The arrival of "The Robe" in Duluth was such an anticipated event that the NorShor theater operator persuaded the public high schools to release students who wanted to attend the opening matinee. That's when I saw it. Who would choose to stay in school when you could go to a movie?

So, to state the obvious, the public schools released students from classes to go to a movie depicting the crucifixion of Christ and its fictional aftermath. You will never see that happen again, but, hey, it was 1954. Oh, and make no mistake about this: They didn't release us to see a matinee of "Blackboard Jungle." --Jim Heffernan

Wednesday, August 18, 2010

Orpheum celebration at Historic NorShor this weekend...

Our jewel of downtown Duluth, the Historic NorShor Theatre, is gearing up for renewal with a city led celebration commemorating the centennial of its original theatre form, the Orpheum Theatre.

Tomorrow and the coming weekend will begin the road to renewal for the NorShor. Check out the link HERE to learn more.
And... come on down to the NorShor this weekend for these city-wide events!

Amazing August facts....

A reader sent in this very interesting bit of information about August 2010. Guess none of us will be around to see it again in our lifetime... so enjoy this month as you never have before!

This August has 5 Sundays, 5 Mondays, 5 Tuesdays, all in one month. It happens once in 823 years.

Looking back: An old Heff promo...

This was found in an old Duluth News Tribune newspaper someone had saved and forwarded. It was an ad used in the late 70's, early 80's to promote my columns. Thought you'd get a kick out of seeing it.

Saturday, August 14, 2010


Photo by Dennis O'Hara
of Northern Images Photography
Check out his book, Picture Duluth!

Duluth ranks #12 in the Top 20 Best Cities to Find Jobs in the US. Check it out HERE. Of course, we all know that Duluth is a great place to live and work!

Wednesday, August 11, 2010

Minnesota Primaries: Retail over agriculture...

The Minnesota primaries are over and the state Democrats have selected Mark Dayton to be their candidate in the November race for Governor. Check out Howie Hanson's report on to learn what area voices had to say in response. You'll find my comment included.

Sunday, August 8, 2010

Hiroshima bombing anniversary also that of Richard Bong death

By Jim Heffernan

August 6, 1945: Nationally recognized anniversary has local link...
Somewhere in my boxes of files I have a Xerox copy of the front page of the Los Angeles Times for Aug. 7, 1945. In bold headline type – probably 60 point – it states that World War II ace of aces Maj. Richard I. Bong had been killed the day before in the crash of an early jet plane he was testing.

Also on that front page, in smaller type (could be 36 point) a headline announces the dropping of an atomic bomb on Hiroshima, Japan.

This week most news outlets mentioned the 65th anniversary of the Hiroshima bombing that was the start of a series of events – including the A-bomb devastation of Nagasaki a few days later – that brought World War II to an end in that August of 1945.

It was a truly momentous time, the dawn of the Atomic Age, worthy of sober recollection at each anniversary.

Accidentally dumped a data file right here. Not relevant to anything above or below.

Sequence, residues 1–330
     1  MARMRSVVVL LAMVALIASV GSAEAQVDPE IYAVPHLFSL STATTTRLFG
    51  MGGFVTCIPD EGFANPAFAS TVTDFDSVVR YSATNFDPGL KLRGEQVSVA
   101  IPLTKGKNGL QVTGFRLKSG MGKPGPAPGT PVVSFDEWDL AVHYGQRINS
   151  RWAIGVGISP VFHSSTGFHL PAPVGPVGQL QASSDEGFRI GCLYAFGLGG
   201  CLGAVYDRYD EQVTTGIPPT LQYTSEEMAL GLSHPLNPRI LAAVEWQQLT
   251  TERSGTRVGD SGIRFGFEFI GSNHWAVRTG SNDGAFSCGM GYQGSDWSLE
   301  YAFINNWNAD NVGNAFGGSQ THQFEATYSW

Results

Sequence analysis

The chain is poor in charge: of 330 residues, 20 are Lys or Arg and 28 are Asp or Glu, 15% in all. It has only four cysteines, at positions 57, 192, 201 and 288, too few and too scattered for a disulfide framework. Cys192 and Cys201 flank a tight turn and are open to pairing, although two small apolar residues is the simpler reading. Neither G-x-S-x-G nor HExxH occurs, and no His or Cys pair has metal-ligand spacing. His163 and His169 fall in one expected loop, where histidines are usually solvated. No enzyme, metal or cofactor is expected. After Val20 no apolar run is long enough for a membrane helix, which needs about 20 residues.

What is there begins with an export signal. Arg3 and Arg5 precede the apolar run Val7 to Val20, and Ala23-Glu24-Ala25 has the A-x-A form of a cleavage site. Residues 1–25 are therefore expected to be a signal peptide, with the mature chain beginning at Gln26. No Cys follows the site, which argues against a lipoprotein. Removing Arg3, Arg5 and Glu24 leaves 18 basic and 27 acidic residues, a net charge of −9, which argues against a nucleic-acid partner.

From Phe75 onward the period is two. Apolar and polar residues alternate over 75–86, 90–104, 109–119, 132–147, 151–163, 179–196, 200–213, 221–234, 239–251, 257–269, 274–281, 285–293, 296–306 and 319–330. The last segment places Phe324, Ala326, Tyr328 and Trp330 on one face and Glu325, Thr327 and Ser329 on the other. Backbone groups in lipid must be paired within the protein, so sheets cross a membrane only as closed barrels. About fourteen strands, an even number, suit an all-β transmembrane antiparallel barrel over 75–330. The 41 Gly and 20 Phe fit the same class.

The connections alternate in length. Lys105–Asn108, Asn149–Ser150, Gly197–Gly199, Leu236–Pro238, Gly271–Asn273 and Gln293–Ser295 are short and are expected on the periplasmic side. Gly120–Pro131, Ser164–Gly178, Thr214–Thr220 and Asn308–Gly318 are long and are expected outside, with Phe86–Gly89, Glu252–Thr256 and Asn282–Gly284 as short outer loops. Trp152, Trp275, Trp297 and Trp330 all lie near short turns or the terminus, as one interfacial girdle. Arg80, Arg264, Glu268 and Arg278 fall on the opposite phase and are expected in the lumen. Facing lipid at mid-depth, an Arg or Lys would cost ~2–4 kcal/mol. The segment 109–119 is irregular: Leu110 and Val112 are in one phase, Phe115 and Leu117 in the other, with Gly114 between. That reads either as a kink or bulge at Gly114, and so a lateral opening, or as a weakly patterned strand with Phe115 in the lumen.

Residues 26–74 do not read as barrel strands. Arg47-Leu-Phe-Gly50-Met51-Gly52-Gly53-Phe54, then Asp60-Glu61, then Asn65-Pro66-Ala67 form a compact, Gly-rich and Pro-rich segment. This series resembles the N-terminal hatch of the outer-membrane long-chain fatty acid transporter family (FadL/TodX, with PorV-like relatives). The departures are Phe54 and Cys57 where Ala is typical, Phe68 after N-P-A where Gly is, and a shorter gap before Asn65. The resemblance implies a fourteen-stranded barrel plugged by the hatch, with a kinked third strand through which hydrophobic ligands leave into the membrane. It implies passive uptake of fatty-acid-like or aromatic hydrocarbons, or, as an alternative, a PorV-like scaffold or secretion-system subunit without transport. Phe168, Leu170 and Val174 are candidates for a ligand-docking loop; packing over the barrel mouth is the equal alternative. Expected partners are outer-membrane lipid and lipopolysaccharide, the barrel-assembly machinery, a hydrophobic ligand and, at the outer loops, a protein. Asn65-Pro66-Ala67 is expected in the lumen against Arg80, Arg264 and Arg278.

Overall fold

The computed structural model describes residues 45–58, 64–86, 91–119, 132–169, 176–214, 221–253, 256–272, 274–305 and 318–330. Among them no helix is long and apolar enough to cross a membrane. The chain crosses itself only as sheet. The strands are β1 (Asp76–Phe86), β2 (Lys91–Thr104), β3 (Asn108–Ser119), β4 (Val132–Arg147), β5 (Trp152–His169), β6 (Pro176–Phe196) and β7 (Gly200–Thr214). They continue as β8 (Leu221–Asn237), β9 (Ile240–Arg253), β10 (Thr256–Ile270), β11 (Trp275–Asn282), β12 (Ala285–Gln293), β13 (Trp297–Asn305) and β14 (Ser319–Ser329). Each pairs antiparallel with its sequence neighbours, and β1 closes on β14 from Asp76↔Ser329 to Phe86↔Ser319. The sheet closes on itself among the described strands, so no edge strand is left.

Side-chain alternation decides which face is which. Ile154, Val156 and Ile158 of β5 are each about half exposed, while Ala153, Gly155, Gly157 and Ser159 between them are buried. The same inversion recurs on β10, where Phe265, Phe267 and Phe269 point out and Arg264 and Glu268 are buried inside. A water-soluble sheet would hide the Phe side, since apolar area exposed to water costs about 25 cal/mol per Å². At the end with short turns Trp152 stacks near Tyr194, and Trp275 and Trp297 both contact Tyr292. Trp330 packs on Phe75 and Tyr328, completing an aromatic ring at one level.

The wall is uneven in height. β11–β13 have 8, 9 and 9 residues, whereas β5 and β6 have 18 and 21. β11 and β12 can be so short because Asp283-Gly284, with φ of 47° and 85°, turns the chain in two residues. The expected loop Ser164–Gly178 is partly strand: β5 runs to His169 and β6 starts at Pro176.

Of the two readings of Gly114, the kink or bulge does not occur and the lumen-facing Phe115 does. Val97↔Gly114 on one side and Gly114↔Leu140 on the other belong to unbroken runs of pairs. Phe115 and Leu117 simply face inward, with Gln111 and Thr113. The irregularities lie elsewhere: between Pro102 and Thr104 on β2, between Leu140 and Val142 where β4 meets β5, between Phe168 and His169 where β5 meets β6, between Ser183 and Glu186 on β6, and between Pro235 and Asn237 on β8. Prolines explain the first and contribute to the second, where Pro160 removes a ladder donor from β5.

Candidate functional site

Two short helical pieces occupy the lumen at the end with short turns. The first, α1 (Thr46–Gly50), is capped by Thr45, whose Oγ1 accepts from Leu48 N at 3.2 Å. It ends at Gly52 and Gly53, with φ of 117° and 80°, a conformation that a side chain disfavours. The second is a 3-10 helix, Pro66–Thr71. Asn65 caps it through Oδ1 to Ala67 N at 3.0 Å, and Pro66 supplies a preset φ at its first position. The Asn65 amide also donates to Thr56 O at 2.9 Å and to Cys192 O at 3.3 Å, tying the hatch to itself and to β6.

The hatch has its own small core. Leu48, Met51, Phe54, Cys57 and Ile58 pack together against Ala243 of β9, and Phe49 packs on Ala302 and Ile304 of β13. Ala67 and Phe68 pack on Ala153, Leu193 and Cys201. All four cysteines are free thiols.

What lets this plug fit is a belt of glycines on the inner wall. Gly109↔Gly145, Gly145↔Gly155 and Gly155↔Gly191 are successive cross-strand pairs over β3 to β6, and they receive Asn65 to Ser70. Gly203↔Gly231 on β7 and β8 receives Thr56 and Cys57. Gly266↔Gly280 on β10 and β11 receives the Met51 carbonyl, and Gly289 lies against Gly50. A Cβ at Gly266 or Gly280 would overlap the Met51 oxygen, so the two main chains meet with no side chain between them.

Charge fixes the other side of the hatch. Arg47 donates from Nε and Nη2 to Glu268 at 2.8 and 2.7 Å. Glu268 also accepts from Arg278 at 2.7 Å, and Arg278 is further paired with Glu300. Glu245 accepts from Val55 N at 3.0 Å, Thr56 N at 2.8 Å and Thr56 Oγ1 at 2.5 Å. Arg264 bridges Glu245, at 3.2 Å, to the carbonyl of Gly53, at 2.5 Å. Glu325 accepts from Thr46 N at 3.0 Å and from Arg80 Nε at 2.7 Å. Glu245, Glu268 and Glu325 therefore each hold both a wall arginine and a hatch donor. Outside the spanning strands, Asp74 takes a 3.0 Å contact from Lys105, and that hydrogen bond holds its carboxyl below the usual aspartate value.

Lost in the shuffle – forgotten even in this, his native, region – was the fact that Aug. 6 was also the 65th anniversary of the death of Bong, the 24-year-old Army Air Corps (there was no branch of service called the Air Force in 1945) pilot who was the most decorated flying ace of the war for his exploits in the South Pacific.

He grew up in Poplar, just outside of Superior, and, since no one around here appears to have noted the 65th anniversary of his death, it seems worthwhile to recall that it is Bong whose name is on the western St. Louis River bridge connecting the Twin Ports -- just in case anybody has forgotten, or never has been told, just who they named the bridge for.

Bong would be 89 years old now, had he lived a normal life span and then some. Dying at 24, his picture vivid in the minds of those who pay attention to such things, he’ll be forever young.

Duluth - Superior Bong Bridge
Photo by Dennis O Hara
Northern Images Photography

To learn more about Richard Ira Bong, click HERE

Thursday, August 5, 2010

Keep the arts alive in Duluth!

Opera on the Lake and Opera in the Park are two fantastic Duluth Festival Opera events scheduled this August. Duluth is getting a name for being an artsy kind of community and we need to support as many of our arts events as we can to keep arts alive in our town. So... spread the word and join the fun!

Opera on the Lake takes place on Wednesday, August 18 from 4-6 PM at Nokomis Restaurant and Bar just a few minutes drive up the North Shore Drive. You'll enjoy professional opera singing table-side, wine and delicious appetizers presented by Chef Sean Lewis, pretty views of Lake Superior and an opportunity to help keep the arts alive in Duluth! Seating is limited so call now for your reservation.

Also coming up is a free opera and Duluth-Superior Symphony Orchestra performance in Lief Erickson Park (Opera in the Park), scheduled for August 22 at 6 pm. Check the DFO link HERE for the details about Opera on the Lake and Opera in the Park.

Help keep the arts alive in Duluth!